INDIANAPOLIS — As many kids across Indiana head back to school this week, state and local education officials are working to get kids caught up on lost learning over the past year.
As many children return to the classroom full time, the consequences of online learning are weighing on the minds of some parents.
“I felt that a lot of times they were just getting a lot of busy work,” said Delma Suber, an Indianapolis parent who has two children in high school. “And with that, how am I knowing if my child is even retaining the information?”
Suber said she hopes her kids’ teachers review some of the material they covered last year. And she’s not alone with her concerns.
“What I’ve really heard [from parents] is that they want consistency,” said Rachel Burke, president of the Indiana Parent Teacher Association. “They want as much classroom time as is safe and possible.”
The Indiana Department of Education is largely leaving it up to each school district to decide the best ways to help its students catch up, depending on their needs, according to an IDOE spokesperson.
According to some officials, it will likely also require an individualized approach to help each student catch up.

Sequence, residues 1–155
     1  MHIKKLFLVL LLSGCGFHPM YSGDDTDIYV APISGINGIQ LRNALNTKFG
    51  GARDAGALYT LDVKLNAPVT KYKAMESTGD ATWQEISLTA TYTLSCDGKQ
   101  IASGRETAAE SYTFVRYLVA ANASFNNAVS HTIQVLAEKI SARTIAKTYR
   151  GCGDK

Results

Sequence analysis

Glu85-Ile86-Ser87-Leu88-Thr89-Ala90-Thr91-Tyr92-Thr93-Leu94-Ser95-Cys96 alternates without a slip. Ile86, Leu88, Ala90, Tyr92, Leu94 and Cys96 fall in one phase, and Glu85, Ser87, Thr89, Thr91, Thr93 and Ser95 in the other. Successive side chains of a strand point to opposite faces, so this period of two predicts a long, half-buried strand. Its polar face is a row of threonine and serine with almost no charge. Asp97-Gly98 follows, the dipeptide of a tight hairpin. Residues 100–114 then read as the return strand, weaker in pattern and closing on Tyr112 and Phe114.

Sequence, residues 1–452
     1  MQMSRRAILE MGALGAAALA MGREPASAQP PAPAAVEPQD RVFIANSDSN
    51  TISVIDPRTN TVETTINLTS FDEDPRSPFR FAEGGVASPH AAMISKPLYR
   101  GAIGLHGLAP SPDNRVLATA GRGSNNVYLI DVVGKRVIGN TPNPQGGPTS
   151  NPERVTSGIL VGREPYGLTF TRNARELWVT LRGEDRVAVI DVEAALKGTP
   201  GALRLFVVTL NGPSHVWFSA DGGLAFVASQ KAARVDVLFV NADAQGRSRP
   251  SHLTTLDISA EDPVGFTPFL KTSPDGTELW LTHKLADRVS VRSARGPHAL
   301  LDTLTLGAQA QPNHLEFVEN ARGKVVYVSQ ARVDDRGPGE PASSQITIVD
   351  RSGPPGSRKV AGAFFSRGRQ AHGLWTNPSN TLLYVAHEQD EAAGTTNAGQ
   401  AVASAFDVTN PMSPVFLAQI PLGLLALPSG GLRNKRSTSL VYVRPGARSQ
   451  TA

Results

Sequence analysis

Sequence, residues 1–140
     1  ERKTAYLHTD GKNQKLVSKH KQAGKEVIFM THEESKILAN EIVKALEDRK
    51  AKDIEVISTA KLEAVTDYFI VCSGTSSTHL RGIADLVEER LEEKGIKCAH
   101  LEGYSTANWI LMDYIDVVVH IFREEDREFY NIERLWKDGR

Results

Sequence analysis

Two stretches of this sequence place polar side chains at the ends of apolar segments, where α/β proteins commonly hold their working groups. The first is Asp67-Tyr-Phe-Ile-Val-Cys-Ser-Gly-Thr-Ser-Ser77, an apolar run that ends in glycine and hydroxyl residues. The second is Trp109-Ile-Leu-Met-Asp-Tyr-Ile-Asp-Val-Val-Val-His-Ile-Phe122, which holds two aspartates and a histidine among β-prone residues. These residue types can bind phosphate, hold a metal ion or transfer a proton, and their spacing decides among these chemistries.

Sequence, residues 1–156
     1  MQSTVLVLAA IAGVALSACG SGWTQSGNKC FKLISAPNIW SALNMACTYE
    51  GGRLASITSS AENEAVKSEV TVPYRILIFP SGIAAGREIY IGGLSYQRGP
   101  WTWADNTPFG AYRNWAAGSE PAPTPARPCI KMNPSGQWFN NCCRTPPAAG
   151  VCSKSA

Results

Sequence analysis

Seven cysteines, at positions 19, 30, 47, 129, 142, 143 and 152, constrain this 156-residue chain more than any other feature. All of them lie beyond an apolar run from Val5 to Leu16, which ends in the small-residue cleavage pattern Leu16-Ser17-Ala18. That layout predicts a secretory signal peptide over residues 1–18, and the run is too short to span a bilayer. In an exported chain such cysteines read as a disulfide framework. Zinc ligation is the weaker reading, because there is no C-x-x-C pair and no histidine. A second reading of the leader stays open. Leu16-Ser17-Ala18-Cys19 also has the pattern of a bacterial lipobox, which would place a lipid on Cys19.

“There’s always the one-on-one where needed, which is a much more intense approach,” said Robert Taylor, associate executive director of the Indiana Association of Public School Superintendents. “But it may be more along the line of identifying the needs of a group of students in a particular class or a particular grade level or a particular school.”
The additional state and federal funding for schools this year may also help with getting students caught up by allowing districts to obtain new technology, books and additional teaching staff, Taylor said.
“The funding is available,” he said. “It’s now just a matter of getting the strategies in place, getting the students engaged in the learning process, or the re-learning process, and then moving forward from that point.”
Meanwhile, some organizations like The Mind Trust are partnering with some schools to help offer tutoring to kids who need help catching up.
“The pandemic has taught us this: that we have to be flexible, we have to be nimble, and we have to be adaptive,” said Shannon Williams, executive vice president.